The guest list consists of the names of people who are “friends of the club”.
The reservation list consists of the names of those who have booked in advance their table in the club.
If an individual is found on the guest/reservation list, you should allow them into the club. When people show up during the course of the evening claiming to be with a listed reservation, you should grant them access as well. Obviously, there is more than one person accompanying a single name (reservation).
In the event that the BHP team decides to list each individual specifically, you are to allow only the listed individuals in for that reservation. If not, you need to let in anyone claiming to be with the listed reservation.
Sooner or later you will be offered cash from someone to let them bypass the line or to let them into the club, this is officially prohibited, and you can be fired for doing so. Some clubs tolerate this sort of protocol more or less, depending on management. There is no rule of thumb.
Work hours are from 2 hours from the beginning of the evening until the end of the night.
FRONTMEN AT TOURIST & LOCAL URBAN CLUBS
There are clubs located in tourist areas and those found in more local areas of the city, the differences being significant. In tourist areas there is a constant flow of new faces, some “prettier” than others. Frontmen at clubs with a variable clientele are basically responsible for charging entry fees and upholding the dress code, making sure that guests are appropriately dressed. This of course means closing the door to those who seem to have come straight from the beach, sportswear, just rolled out of bed, or are simply too casual.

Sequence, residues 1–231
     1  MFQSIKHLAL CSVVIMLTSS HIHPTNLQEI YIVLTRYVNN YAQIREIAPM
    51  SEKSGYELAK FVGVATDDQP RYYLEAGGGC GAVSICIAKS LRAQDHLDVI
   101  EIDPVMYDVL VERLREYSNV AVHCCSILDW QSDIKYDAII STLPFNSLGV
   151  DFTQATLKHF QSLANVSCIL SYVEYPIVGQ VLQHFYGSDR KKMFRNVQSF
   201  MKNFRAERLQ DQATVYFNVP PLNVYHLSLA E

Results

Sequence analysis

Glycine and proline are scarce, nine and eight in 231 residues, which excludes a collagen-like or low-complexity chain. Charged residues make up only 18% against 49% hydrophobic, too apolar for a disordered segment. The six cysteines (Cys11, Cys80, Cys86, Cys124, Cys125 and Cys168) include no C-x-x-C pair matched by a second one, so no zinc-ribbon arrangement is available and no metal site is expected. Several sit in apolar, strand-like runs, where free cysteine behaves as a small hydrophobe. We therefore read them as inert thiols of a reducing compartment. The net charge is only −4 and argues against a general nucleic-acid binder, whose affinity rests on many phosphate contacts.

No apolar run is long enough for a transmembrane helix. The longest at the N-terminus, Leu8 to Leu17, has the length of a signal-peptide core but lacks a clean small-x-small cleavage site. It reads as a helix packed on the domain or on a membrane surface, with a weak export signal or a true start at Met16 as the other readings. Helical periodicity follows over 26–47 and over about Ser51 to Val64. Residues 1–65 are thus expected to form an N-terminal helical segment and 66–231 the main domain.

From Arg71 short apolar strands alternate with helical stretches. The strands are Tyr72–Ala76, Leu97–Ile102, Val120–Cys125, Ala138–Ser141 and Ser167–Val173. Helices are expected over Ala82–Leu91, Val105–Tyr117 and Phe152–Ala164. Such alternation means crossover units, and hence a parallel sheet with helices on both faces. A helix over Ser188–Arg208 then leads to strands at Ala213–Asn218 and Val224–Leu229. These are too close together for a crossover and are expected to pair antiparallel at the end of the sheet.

In an environment with a more regular local crowd a frontman’s role is much more dignified and collected, the key element being his recognition of repeat guests. It’s important for a frontman to have a discerning memory in order to avoid a potentially uncomfortable situation, for instance denying access to a frequent guest because you didn’t remember who they were.
A frontman’s most powerful weapon is the guest/reservatio list provided by the BHP team, listing the names of expected individuals and their respective spots or tables in the club. For instance, there’s a reservation under the name David Jones, and over the course of the evening there will be around a dozen people arriving at various times in various groups, all corresponding to the same reservation. The frontman must allow them to enter, at which point they will most likely be directed where to go by the Hostess who is part of the BHP team.